To please her, he went out with his friends and he met a lot of girls whom he dated but nothing serious developed–at least, not on his part. He wasn’t ready for a long-term relationship. He preferred to concentrate on his studies and think about his future after he graduated from Oxford.
His life changed when Mrs. Dormer fell ill and became bedridden. He was constantly at her side. She looked so frail but her eyes were bright and alert. He held her hand in his. “In no time, you will up and about,” he said.
“No, my Dear,” she said. “For I am now ready to be offered, and the time of my departure is at hand. I have fought a good fight, I have finished my course, I have kept the faith. Before I leave, there is something I must tell you.”
“What is it, Mother?”
“You don’t know how good it is to hear you call me Mother. I’m your adoptive mother who loves you as if you were my own flesh and blood but there was another woman who was your mother. She gave birth to you. We told you that she was from Mumbai and that she died shortly after you were born and that much is true but there is so much more that I need to tell you.” She told him everything. “What my husband did was unconscionable and I regret my part in it. Your mother never got to see you before she was sent to another plantation. It was at that other plantation where she lost her life.”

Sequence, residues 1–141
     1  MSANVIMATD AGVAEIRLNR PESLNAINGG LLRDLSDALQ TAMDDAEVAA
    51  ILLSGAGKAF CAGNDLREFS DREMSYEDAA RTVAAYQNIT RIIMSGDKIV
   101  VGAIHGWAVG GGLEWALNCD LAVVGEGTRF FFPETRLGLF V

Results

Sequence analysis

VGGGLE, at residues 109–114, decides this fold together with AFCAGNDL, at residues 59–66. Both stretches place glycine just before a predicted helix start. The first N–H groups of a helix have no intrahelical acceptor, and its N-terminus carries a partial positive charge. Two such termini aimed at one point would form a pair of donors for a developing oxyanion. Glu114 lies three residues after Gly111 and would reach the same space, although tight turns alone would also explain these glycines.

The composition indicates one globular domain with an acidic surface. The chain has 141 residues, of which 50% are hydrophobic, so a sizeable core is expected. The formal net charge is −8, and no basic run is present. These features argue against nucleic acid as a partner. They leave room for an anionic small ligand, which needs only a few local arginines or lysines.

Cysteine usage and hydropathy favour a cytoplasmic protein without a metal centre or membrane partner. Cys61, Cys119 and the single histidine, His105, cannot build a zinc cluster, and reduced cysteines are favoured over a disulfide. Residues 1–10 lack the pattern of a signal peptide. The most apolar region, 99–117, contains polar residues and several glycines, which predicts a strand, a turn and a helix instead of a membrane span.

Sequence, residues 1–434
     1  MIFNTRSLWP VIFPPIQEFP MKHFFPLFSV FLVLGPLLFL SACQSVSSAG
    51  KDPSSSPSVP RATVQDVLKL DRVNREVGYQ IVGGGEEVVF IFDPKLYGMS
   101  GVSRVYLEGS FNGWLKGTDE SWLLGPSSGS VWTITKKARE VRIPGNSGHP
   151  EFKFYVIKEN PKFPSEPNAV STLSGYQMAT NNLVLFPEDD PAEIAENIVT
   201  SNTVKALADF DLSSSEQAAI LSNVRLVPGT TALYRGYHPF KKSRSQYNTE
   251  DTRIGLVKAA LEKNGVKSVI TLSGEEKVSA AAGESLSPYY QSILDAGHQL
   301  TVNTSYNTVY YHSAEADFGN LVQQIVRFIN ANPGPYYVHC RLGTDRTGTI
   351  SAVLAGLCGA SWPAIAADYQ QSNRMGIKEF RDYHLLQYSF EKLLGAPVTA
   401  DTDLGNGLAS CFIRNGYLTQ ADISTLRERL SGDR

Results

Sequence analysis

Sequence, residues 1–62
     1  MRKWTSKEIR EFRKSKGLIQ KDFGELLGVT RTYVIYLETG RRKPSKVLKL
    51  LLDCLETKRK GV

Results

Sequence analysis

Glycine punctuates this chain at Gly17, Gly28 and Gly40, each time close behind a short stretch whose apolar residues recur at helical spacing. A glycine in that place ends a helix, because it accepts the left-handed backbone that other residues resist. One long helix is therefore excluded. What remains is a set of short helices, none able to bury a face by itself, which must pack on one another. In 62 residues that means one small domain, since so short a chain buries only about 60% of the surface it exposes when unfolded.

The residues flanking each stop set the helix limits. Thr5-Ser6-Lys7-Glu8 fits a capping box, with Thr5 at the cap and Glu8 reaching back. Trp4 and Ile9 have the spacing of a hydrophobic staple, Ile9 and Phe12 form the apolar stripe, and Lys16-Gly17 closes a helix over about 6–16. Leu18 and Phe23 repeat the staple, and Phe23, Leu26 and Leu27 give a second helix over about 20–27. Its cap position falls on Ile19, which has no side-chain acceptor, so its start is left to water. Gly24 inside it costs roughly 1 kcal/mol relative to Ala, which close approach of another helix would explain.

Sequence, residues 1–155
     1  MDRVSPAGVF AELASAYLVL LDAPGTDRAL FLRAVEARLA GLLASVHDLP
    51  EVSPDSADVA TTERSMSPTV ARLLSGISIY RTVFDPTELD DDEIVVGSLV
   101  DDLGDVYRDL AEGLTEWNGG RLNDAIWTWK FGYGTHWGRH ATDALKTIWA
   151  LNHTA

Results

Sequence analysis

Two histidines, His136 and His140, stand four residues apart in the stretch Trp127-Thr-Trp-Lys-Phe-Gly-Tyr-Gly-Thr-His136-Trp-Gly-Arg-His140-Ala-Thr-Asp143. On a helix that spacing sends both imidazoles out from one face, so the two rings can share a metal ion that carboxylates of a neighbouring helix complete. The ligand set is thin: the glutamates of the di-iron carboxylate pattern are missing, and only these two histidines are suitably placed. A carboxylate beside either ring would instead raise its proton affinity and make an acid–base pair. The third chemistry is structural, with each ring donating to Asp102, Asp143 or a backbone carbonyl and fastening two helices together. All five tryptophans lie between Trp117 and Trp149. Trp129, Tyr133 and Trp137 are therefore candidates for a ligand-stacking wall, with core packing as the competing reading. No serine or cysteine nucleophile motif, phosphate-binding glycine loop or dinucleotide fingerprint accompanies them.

“How did she die?”
“There was a mudslide. When your poor grandmother heard the dreadful news, she suffered a heart attack and died. My husband and I are responsible for her death and your poor and unfortunate mother’s too. I won’t blame you if you hate Mr. Dormer and me and want nothing more to do with us.”
“I don’t hate you, Mother. I’m grateful that you have told me everything. I don’t feel hatred toward you or Father. I feel sadness for my mother. I wish that I could have known her.”
“By all accounts, she was a very beautiful woman. My husband said that while you have his complexion and eyes, you inherited her features. At first, I hated her because she stole my husband’s affections but my jealousy turned to pity. I can’t imagine how she must have felt when she was separated from you. It’s a crime to separate a mother from her child. I shall never forgive Mr. Dormer or myself.”